The importance of working with skilled and knowledgeable lawyers and environmental consultants when buying or selling commercial property and negotiating purchase agreements and access agreements was recently confirmed in a federal district court case from North Carolina entitled Metropolitan Group, Inc. v. Meridian Industries, Inc., case number 3:09-cv-440. The case demonstrates the pitfalls with asbestos inspections and the need to hammer out the details of access agreements should the parties’ future positions be adverse for whatever reason.
The seller, Meridian, operated a textile dying plant on property in North Carolina for a century before ceasing operations, transferring unused chemicals to another plant, and performing asbestos remediation on the property to prepare it for sale. The buyer, Metropolitan, purchased the property intending to demolish the buildings and construct residential units at the site. Less than a year after closing, Metropolitan’s demolition contractor ran into a retaining wall rupturing a fuel line at the site. The rupture resulted in an oil spill into an adjacent river for which the contractor was criminally charged and convicted. (His attempt to clean up the spilled oil with kitty litter was unsuccessful, and the contractor failed to notify the authorities of the spill leading to the prosecution.) As a result of the criminal investigation, chemicals and other hazardous materials were discovered behind a wall at the plant, the existence of which (according to the evidence) neither the buyer, the seller, nor their environmental experts were aware of prior to the demolition.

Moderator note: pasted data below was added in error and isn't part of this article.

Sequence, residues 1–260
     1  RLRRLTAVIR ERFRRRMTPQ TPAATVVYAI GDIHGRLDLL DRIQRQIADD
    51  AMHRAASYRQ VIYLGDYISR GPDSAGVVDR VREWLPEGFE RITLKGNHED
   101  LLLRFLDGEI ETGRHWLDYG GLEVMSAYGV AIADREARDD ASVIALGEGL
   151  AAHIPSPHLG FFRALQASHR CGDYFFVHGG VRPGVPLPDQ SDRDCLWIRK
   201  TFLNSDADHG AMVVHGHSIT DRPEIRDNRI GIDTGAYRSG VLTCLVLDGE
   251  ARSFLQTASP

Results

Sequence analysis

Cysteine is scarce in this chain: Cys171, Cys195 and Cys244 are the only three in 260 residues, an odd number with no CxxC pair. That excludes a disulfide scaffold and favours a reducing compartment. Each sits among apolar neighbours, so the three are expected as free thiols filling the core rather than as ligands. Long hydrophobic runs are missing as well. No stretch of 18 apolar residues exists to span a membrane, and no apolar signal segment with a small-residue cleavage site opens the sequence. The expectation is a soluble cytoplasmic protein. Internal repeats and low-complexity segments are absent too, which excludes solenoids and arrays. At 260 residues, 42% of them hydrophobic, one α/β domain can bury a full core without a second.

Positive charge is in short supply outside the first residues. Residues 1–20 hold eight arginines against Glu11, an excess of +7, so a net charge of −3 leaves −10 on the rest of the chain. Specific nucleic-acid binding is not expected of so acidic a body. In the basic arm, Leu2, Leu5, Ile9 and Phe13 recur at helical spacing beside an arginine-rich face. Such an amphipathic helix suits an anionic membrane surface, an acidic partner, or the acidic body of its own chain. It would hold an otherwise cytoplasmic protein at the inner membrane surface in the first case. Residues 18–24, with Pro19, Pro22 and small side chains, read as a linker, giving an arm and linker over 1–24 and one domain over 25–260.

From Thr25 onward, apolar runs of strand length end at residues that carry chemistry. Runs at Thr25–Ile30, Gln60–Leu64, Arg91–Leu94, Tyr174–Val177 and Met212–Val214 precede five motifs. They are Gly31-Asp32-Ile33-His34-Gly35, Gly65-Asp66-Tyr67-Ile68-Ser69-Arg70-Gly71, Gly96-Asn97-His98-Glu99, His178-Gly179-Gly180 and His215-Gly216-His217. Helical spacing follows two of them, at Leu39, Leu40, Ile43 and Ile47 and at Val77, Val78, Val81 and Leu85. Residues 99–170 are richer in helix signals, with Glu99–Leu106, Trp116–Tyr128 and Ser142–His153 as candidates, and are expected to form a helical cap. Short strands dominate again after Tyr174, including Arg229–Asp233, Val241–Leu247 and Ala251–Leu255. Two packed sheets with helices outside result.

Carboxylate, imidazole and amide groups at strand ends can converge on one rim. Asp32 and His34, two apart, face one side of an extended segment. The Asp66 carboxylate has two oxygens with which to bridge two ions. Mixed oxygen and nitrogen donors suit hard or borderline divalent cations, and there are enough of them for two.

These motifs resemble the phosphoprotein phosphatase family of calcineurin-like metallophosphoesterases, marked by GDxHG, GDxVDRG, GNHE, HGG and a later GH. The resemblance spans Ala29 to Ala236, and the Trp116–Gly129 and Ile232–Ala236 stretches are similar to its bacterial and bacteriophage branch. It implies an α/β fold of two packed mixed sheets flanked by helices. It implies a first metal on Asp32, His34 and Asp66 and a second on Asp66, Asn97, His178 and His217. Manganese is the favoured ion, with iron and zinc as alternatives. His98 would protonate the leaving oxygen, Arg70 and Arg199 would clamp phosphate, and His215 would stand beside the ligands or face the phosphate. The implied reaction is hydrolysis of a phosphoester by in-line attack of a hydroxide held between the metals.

To learn more. please read Bill Wagner's recent blog post on Commonground.